As you are no doubt aware, on March 11th an earthquake measuring 9.0 on the Richter scale occurred just off the northeast coast of Japan, triggering a devastating tsunami. At last report, more than 7700 lives were lost and as many as 11,000 people are still missing. To make matters worse, the tsunami knocked out power to nuclear power plants, disabling the process of keeping the uranium rods at a safe temperature. A dangerous amount of radiation has already leaked out from several reactors, and the situation is still not fully contained. Damage estimates are now topping $200 billion, which would make this the most expensive disaster ever.
First and foremost, our thoughts and prayers go out to the people of Japan. We hope that the missing people will be safely accounted for, and that the nuclear reactors can be safely disabled.
The purpose of this note, however, is to discuss the financial implications of the disaster in Japan. The extent of the damage was not widely known on Friday the 11th, so many world stock markets (including ours) actually closed up that day. It was on Monday the 14th that investors first had a chance to react with an informed knowledge of the scope of the tragedy. They responded with a two day sell-off which drove the Japanese stock market down close to 17% at the lows. Thereafter, as is typical of natural disasters, Japanese stocks began to recover their losses.
There is a fairly predictable pattern to investor behavior in the wake of a natural disaster. Uncertainty right after the disaster prompts modest selling, as investors want to get out ahead of the pack and speculators seek to profit by selling short. Those falling prices convince other investors that the situation is worse than they thought and selling increases. At some point (usually 2-3 days), bargain hunters jump in on the idea that the sell-off has created value, or at least an opportunity for a bounce. Short sellers see that the decline is over and take profits. The bounce recovers 50-70% of the decline in the next several days. After that, the cold sober analysis of the situation determines whether or not the recovery rally should continue.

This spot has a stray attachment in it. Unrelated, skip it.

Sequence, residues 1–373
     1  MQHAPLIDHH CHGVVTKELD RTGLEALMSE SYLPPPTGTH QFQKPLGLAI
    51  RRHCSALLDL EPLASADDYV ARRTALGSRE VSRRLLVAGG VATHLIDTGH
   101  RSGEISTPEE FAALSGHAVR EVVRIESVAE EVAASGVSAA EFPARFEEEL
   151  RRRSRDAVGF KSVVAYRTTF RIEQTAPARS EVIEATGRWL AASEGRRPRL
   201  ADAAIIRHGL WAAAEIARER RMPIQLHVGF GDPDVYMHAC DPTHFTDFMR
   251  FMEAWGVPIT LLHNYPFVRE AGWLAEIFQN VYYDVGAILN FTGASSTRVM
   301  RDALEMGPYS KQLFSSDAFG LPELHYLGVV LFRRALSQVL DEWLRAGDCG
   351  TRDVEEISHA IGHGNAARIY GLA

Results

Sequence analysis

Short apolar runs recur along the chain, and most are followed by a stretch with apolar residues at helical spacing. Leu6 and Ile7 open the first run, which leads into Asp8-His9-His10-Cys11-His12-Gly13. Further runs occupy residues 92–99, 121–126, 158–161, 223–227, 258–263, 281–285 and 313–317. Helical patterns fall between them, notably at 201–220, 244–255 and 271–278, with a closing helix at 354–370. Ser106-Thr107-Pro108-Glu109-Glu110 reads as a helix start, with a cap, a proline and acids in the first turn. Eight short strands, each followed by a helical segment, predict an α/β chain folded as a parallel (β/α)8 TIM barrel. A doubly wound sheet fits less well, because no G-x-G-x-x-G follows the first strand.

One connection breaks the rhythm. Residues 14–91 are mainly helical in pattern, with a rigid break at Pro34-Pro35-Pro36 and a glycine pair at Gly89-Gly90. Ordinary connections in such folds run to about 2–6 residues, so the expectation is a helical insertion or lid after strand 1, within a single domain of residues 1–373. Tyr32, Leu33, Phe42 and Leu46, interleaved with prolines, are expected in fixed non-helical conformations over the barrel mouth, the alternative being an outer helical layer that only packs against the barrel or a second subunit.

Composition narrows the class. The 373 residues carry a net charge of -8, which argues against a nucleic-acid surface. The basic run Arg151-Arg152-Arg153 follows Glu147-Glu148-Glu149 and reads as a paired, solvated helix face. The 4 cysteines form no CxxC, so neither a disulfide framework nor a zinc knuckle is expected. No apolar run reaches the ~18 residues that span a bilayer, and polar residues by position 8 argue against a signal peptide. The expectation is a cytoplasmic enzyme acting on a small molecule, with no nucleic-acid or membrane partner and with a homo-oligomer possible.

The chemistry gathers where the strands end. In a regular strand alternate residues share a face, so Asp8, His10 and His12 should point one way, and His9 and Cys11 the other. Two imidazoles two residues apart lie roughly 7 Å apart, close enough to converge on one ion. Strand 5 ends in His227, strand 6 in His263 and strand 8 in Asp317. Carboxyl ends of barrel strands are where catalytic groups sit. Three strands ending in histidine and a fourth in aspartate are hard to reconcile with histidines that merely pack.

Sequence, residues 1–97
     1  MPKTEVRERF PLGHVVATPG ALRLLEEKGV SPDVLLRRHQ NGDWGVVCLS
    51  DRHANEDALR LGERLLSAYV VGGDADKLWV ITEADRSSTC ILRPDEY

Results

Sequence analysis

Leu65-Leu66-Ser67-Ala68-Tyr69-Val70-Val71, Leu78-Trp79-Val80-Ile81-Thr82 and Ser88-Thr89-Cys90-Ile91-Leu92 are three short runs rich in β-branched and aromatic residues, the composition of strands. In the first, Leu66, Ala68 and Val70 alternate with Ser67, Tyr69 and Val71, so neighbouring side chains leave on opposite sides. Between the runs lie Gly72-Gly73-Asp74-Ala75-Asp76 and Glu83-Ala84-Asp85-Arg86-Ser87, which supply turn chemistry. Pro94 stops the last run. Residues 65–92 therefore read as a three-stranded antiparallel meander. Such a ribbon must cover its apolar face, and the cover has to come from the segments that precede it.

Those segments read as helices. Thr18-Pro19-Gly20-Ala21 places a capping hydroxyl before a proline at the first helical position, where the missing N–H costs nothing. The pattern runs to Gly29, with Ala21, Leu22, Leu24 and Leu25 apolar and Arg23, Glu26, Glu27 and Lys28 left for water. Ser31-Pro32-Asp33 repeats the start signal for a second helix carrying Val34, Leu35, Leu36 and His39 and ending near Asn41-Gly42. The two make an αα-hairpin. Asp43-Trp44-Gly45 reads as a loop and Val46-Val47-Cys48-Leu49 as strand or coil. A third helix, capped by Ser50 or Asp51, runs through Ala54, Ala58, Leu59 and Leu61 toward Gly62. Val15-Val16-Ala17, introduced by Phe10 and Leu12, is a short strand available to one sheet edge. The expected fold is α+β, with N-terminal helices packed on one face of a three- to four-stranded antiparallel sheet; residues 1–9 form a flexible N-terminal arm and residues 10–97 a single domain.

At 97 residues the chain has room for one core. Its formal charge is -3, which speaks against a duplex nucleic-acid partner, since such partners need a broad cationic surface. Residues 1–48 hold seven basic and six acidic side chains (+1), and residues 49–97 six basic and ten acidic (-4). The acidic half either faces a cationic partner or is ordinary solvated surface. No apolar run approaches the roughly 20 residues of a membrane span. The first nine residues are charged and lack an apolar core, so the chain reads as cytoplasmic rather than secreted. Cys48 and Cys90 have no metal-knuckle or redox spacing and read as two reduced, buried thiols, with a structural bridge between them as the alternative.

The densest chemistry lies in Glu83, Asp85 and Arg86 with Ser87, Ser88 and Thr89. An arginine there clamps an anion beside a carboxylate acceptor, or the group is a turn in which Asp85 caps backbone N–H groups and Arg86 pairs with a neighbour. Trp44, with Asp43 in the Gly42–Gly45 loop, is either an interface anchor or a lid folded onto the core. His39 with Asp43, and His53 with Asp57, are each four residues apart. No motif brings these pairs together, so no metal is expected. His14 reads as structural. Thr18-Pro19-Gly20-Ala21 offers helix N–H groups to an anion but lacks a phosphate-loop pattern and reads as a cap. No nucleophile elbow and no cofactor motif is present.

The factors for investors to weigh involve the extent of the damage and the ability (physically and financially) of the affected country to rebuild. In Japan’s case, the extent of the damage is widespread. From an investment standpoint, the damage is not so much the loss of life and property as it is the separation of workers and materials from factories caused by the nuclear meltdown and the damage to the transportation network (especially ports and rail lines). Auto plants in the US cannot make cars if they can’t get key components from Japan. Electronics retailers worldwide cannot sell products that are still in Japan because they couldn’t be shipped. Japan is a high-tech manufacturer to the world. The global economy wasn’t counting on the Japanese to buy things (their domestic economy has been moribund for years), but it was certainly counting on them to make things. That said, Japan does have the financial wherewithal to begin the rebuilding process. The issue for them in terms of how fast they get back to some sense of normal is power generation. Being a high-tech manufacturer requires a great deal of electricity. With the whole nuclear power situation in question, the Japanese will have to determine first how they want to rebuild.
For the rest of the world, we will probably see a short term decline (one or two quarters) in global GDP and then above trend growth for several quarters as the rebuilding process really gets going. Based on the performance of world markets since the disaster, the Japanese market may have over-reacted to the decline (the cover of the March 21 issue of Barrons says “Buy Japan Now”). On the other hand, the rest of the world might have under-reacted. High-end consumer products companies (Coach, LVMH) for whom Japan is a major market should see lower sales, and companies that rely on Japanese-made electronic components may not be able to meet demand. I would be cautious here investing in individual stocks, but I would certainly not sell foreign funds because of Japanese exposure. As for bonds, the feared sell-off in bonds due to Japanese repatriation (selling of U.S. bonds to finance recovery) has not materialized and most experts feel that it won’t. If bonds decline over the next few months, it will likely be because of inflationary concerns due to shortages of supplies of certain commodities and manufactured goods, and the end of the Federal Reserves’ policy of buying Treasuries.
If you have any questions, please feel free to give us a call.
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